Field for PAs growing “much faster than average,” according to NYS Dept. of Labor
By Deborah Jeanne Sergeant
The physician assistant (PA) has become one of the most lucrative and employable position in health care. PAs provide direct care to patients in conjunction with a physician and can focus on a medical specialty. Most schools in New York offer a five-year program that is an accelerated bachelor’s and master’s degree, which is followed by required certification.
The 2016 Statistical Profile of Certified Physician Assistants, a report by the National Commission on Certification of Physician Assistants, states that more than 115,000 certified PAs work nationwide, an increase of 44 percent in the previous four years.
According to the Department of Labor’s most recent statistics gathered in May 2016, Syracuse employs 1.75 PAs per 1,000 people. Their average mean wage is $104,440. The average mean wage statewide is $107,030.
The Department of Labor predicts 37 percent increase in employment change between 2016 and 2026, cited as “much faster than average” growth.
“I think it continues to be a good job opportunity with very high possibility of employment for people interested in working in the medical field,” said Elle Abel, PA and representative of the Central New York Physicians Assistant Association. “We’ll continue to need to fill positions with PAs. They’re vital to the structure of medical field, especially with our physician shortage that physician’s assistants and nurse practitioners help fill.
It only makes sense that the need for care providers has increased. With the jump in insured patients thanks to the Affordable Care Act and the decrease in providers as baby boomer physicians retire, demand for care providers has steadily risen. Many physicians use “physician extenders” —physician assistants and nurse practitioners — to help meet their patients’ needs.
Abel speaks enthusiastically about her chosen career path at SUNY Upstate Cancer Center of Oneida, Syracuse/Oneida.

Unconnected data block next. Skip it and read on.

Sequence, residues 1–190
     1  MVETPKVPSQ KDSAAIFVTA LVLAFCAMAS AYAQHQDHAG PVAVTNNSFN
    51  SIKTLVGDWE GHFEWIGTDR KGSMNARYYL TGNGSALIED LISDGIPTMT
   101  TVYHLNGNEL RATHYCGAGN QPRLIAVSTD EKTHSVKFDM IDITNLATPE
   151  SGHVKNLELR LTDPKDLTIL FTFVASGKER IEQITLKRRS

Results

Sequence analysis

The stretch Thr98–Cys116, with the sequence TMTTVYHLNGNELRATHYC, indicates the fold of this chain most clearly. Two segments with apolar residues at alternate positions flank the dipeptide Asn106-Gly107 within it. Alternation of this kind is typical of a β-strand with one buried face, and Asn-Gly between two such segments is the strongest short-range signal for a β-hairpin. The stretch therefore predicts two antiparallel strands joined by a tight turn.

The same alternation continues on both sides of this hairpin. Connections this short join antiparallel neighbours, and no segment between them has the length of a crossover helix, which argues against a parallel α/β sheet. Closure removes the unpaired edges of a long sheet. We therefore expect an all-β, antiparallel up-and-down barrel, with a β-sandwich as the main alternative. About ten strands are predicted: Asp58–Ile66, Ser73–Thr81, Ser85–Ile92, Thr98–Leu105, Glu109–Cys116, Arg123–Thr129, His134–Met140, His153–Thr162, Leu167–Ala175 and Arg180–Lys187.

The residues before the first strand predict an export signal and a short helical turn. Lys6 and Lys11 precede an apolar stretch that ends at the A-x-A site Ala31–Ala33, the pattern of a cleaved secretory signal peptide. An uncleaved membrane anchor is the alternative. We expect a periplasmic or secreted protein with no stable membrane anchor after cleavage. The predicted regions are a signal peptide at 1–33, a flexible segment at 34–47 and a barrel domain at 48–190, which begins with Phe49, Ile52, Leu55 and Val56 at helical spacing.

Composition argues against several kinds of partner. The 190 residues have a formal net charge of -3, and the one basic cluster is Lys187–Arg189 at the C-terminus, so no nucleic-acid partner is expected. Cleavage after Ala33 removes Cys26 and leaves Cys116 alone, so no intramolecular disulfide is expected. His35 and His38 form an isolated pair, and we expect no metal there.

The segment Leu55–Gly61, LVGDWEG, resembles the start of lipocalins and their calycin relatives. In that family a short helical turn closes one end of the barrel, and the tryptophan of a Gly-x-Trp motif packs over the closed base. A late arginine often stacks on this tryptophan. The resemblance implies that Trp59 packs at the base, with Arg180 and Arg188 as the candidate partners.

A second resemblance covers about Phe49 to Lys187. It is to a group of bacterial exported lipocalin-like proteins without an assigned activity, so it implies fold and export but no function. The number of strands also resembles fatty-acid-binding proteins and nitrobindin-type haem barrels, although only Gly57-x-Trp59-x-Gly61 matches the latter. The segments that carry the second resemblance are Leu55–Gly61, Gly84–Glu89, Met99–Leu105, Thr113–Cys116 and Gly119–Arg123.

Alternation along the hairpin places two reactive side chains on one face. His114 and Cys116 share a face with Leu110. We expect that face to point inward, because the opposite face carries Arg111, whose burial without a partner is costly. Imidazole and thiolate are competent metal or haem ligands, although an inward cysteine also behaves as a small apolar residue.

“I still think it’s a good, satisfying career,” she said. “We get to help people a lot and help them become their own, best advocate.”
The physician assistant career also has room for advancement through specializing, thanks to fellowships and residencies.
“These [fellowship] programs, located throughout the United States, provide advanced training and skills beyond the curriculum included in entry level PA training programs,” said Sandra Banas, PA, chairwoman and assistant professor at Department of Physician Assistant Studies at the College of Health Professions at SUNY Upstate Medical University.
On-the-job training also helps PAs learn specialties. The career flexibility is just one of the pros Banas listed for physician assistants, along with a good salary, flexible hours, and continuing education.
PAs practice in every surgical and medical care setting. A few examples include emergency medicine, cardiac care, general surgery, obstetrics, psychiatry and neurosurgery.
Beyond the patient care setting, PAs may also find roles in administration of a health care facility or as faculty.
In addition to good math and science skills, PA candidates should possess interpersonal communication skills.
“The soft skills are really, really important,” said Mary Springston, director of the PA program and clinical associate professor at LeMoyne College. “It’s more than the technical skills of caring, but understanding the whole patient.”
Any previous medical experience, such as working as an emergency medical technician or paramedic, may also help the candidate become familiar with medical settings and give a small taste of a few of the tasks PAs do daily.
“It’s a rewarding field because you’re able to care for patients and make a difference in someone’s life,” Springston said. “There are so many opportunities to impact the health care system as a PA. You can impact someone’s life and hopefully make it a healthier one.”